Well, maybe not so much. With the next turnaround looming, Equipment Integrity asked the question, “Should we be worried about exchanger bundles in cooling water service? Is the cooling water chemical treatment sorted out?” The answer was “not so much.”

The decision was made to just pre-order exchanger bundles for cooling water service because that was a lot cheaper than buying them in a panic during the turnaround. This also had the side effect of moving this cost of replacements from “emergency found work” to “Equipment Integrity planned and budgeted work.” What this meant was that it fell off the bean counters’ radars as being a problem or an additional cost during the outage.

Some people were still trying to get the cooling water fixed, but no department really wanted to take on the extra cost. Operations was praised for high unit availability, hitting throughput targets, and keeping costs as low as possible against production profit. Taking on more personnel, training, and potentially system upgrade costs were not something any area operations manager wanted on their plate.

Because it fell off the radar in terms of being “found work,” upper management quit looking into whether it had been sorted and everyone went back to more or less ignoring the water treatment company rep and the junior operators that worked with him.

This went on for years until a new manager in the turnaround group asked why we just replaced cooling water bundles. “Why,” they asked, “was at least a million dollars being spent every year on a cooling water exchanger bundle replacement program?”

The conversation went a little like this:

TAM (Turnaround Manager): “Why do we spend so much money on replacement bundles, most of these services shouldn’t be that corrosive?”

Inspection: “Well… cooling water at this plant can be damaging; in fact, by the data it is the most corrosive service in this plant.”

TAM: “But we replace them without inspecting every 3 to 4 years. This seems wasteful.”

Inspection: “Well… we inspect the old bundles and most of the time find they would have needed replacement anyway.”

TAM: “Why are they getting chewed up so bad?”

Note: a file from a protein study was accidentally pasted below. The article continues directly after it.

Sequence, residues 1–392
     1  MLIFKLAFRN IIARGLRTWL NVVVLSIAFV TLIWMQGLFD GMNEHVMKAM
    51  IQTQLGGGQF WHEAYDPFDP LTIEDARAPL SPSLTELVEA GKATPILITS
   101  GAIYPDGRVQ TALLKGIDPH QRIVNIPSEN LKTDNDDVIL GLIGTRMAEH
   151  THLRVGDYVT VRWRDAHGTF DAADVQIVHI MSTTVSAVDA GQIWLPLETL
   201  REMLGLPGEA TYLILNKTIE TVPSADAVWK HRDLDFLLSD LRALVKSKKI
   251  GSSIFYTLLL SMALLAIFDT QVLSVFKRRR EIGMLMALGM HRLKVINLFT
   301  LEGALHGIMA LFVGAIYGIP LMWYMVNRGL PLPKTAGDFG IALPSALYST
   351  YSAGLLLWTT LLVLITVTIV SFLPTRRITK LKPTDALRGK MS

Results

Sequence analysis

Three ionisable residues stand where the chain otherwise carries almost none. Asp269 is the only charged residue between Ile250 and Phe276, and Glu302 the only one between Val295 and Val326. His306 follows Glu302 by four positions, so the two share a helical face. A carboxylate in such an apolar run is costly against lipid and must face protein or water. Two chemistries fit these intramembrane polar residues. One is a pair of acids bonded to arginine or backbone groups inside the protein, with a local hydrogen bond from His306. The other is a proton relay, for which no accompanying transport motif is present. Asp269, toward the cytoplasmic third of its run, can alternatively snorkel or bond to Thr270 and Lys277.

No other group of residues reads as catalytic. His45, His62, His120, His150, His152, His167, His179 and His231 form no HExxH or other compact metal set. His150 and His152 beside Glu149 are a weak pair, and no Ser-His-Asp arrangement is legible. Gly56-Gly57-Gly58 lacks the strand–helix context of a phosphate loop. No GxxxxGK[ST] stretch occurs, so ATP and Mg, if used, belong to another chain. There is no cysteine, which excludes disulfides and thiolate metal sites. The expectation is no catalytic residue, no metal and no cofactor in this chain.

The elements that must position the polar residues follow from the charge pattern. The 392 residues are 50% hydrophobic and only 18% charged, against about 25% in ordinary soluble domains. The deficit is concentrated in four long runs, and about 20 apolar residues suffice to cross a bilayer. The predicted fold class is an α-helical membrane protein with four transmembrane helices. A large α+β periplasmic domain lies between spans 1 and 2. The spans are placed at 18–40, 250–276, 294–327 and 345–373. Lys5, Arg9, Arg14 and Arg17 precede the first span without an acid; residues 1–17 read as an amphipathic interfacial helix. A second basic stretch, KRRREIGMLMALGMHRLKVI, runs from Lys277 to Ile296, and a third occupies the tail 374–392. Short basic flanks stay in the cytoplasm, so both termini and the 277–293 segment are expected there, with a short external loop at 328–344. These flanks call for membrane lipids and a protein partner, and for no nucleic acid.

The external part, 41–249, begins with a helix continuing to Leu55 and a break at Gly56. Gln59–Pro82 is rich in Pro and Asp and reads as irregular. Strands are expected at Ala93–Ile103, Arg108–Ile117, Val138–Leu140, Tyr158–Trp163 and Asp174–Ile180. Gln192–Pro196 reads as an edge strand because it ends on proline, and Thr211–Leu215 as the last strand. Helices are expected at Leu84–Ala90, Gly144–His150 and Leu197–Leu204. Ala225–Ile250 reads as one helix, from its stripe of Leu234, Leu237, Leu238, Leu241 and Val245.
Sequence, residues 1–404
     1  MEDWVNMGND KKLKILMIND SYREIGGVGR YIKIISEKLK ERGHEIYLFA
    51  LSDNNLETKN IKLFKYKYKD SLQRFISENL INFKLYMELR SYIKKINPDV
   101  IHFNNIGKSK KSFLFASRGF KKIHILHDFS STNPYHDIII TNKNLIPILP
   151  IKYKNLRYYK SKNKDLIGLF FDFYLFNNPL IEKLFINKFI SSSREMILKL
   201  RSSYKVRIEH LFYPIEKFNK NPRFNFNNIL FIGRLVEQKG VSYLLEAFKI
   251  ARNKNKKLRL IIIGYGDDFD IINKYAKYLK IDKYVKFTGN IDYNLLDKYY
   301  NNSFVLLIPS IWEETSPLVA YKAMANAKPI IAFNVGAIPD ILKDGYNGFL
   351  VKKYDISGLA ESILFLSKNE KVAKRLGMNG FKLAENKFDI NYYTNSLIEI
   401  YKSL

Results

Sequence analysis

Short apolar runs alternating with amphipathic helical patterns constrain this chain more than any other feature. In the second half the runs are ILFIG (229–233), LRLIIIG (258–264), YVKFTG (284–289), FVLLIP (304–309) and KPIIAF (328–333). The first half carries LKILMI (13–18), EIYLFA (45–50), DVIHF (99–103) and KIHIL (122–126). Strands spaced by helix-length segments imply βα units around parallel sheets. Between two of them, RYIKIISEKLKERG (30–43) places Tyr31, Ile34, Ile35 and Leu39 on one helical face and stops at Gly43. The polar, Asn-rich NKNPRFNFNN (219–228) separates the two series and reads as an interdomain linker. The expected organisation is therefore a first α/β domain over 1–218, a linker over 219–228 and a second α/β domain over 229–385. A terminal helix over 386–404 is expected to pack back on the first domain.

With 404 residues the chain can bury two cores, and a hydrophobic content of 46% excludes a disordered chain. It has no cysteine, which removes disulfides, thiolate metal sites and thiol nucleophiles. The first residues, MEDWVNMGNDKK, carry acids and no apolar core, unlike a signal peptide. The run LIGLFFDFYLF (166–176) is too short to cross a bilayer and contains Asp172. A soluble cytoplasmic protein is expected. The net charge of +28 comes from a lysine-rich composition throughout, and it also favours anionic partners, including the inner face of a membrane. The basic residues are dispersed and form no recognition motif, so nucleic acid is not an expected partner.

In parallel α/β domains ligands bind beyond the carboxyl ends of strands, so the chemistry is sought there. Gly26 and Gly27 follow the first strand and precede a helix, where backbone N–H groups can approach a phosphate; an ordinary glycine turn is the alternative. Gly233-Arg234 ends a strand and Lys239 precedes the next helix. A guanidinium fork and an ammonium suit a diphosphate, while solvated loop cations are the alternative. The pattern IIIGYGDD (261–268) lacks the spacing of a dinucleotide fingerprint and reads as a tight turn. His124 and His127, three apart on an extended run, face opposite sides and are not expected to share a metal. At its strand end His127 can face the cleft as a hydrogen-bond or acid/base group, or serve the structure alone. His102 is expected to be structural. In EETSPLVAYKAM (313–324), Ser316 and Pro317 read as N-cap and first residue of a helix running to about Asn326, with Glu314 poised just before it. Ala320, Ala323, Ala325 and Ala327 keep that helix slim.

Inspection: “Cooling water treatment programs are not in good shape, to say the least.”

The new turnaround manager then went on to ask who was responsible, and that is when he found that basically no one was, unless you count junior operators and the chemical treatment company rep.

He then went on up the chain trying to get this fixed. I left that facility a few years later and this problem still hadn’t been fixed, although there had been proposals put in by some mid-level operations management on the best path forward.

But again, no one in operations wanted to take on the additional expense without being able to show a benefit to production profits. The equipment integrity and maintenance budgets were under someone else’s responsibility. Planned equipment replacements could just be generically blamed on inspection activity as long as no one was going to go digging into the problem. For the operations groups, it was a win to ignore and not take on any additional operating costs.

It seems insane, but I have seen this phenomenon in other facilities and with other “non-money making” processes as well. I am sure you have seen some of this too.

It’s like when no one wants to spend money on the sulfur plant, so it limps along with minimal repairs until it’s in such bad shape it becomes a massively expensive capital project. Running delayed cokers into the ground is another similar problem.

When something is wrong or needs work, everyone wants to be distanced from it, especially if there is a bill with no measurable profit to go with it.

I see these failures as a flaw in our systems. The dollar must and will rule in any production facility and, therefore, the management systems that evolve are built to promote and encourage spending less and making more. But, in some cases, it also falls on senior leadership who are not holding people accountable beyond the money. Longevity and safety do, unfortunately, need to be a factor in decision-making as well.

What to do about it? I don’t know. I have not heard of a lot of success stories around overcoming these types of issues.

I would love to hear your experiences and/or ideas. If you are reading this online, please comment.